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How to Write a Letter to Someone Who Has Betrayed You

by Ginger Micah Green

Writing a letter to someone you feel has betrayed you often is an upsetting and grueling task that involves painful emotions most people would rather forget. It also entails the laborious task of addressing a person who has hurt you, which takes strength and courage. In order for your letter to be effective, only write your opinion of what has happened and how that makes you feel. Do not blame or point fingers by using "You did this ... " statements, or the person in question may not even read all of your letter. Write from your heart and state in the letter very clearly that this is how you feel. Whether your letter resolves any issues or not, it is an important part of your healing process and just writing your feelings down will most likely make you feel better.

Sit down and reflect on why you feel this person has betrayed you before you start writing. It may help if you have family or friends to talk with about the circumstances and to provide you with support and encouragement.

Write down notes about the situation, how you feel about what has happened and why you feel betrayed by this person. These are just rough notes to use while you are writing the letter. Take your time to think about what you would like to say in your letter.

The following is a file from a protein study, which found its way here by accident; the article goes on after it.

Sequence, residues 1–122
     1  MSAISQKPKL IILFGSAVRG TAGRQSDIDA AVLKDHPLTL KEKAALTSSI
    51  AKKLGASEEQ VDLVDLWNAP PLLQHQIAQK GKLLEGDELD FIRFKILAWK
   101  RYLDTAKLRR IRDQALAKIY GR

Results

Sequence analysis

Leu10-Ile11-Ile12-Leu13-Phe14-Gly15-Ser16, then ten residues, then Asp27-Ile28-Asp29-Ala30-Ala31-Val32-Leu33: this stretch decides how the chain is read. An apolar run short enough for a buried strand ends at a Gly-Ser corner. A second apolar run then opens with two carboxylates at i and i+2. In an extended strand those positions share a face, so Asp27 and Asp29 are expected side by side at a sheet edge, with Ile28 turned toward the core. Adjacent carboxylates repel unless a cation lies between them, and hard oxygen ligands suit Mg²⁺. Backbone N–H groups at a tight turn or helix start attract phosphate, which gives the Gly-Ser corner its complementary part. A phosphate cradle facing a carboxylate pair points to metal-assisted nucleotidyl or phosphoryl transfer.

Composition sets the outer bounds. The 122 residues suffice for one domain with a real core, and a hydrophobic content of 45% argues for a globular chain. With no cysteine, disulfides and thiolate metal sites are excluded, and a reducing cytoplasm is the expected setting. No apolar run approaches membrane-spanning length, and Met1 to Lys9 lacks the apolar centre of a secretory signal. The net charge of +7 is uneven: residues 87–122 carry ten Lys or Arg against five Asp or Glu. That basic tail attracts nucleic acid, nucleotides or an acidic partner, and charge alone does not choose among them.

Begin writing your letter. Use "I" statements instead of "You" statements. For example, say "I feel betrayed because ... " instead of "You betrayed me because ... " Although you may feel extremely hurt and angry, this type of writing dissolves negative blame and won't make the other person feel you are verbally attacking them. Include all the information from your rough notes that you would like to share with the recipient.

Read over your letter once you have completed it to reflect on what you are trying to say to the person who has betrayed you. Check for errors and spelling mistakes.

Deliver the letter. Send the letter to the person via postal mail. You also could physically deliver it or have a friend give it to the recipient. Or, you may decide never to give the person the letter, but instead keep it for your personal records or destroy it.

About the Author

Ginger Micah Green has been writing since 1984. In 1985 Green's article and illustrations regarding bus safety was published in the "Whitehorse Star" newspaper. She also contributed poetry and helped edit her school yearbook. Green is pursuing a Bachelor of Arts from the University of the Fraser Valley.

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